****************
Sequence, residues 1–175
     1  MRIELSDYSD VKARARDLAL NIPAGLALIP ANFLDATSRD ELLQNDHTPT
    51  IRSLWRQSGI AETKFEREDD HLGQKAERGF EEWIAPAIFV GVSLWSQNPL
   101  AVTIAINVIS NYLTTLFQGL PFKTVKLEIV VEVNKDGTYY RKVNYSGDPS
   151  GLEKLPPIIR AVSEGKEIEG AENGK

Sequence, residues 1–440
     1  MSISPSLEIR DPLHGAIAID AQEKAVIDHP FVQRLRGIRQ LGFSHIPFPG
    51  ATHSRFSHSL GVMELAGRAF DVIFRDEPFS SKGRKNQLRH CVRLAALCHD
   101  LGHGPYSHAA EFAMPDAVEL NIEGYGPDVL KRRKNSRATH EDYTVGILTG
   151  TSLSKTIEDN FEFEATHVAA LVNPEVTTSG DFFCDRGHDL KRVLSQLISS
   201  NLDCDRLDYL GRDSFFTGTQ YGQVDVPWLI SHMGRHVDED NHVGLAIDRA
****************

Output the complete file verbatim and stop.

Sequence, residues 1–175
     1  MRIELSDYSD VKARARDLAL NIPAGLALIP ANFLDATSRD ELLQNDHTPT
    51  IRSLWRQSGI AETKFEREDD HLGQKAERGF EEWIAPAIFV GVSLWSQNPL
   101  AVTIAINVIS NYLTTLFQGL PFKTVKLEIV VEVNKDGTYY RKVNYSGDPS
   151  GLEKLPPIIR AVSEGKEIEG AENGK

Sequence, residues 1–440
     1  MSISPSLEIR DPLHGAIAID AQEKAVIDHP FVQRLRGIRQ LGFSHIPFPG
    51  ATHSRFSHSL GVMELAGRAF DVIFRDEPFS SKGRKNQLRH CVRLAALCHD
   101  LGHGPYSHAA EFAMPDAVEL NIEGYGPDVL KRRKNSRATH EDYTVGILTG
   151  TSLSKTIEDN FEFEATHVAA LVNPEVTTSG DFFCDRGHDL KRVLSQLISS
   201  NLDCDRLDYL GRDSFFTGTQ YGQVDVPWLI SHMGRHVDED NHVGLAIDRA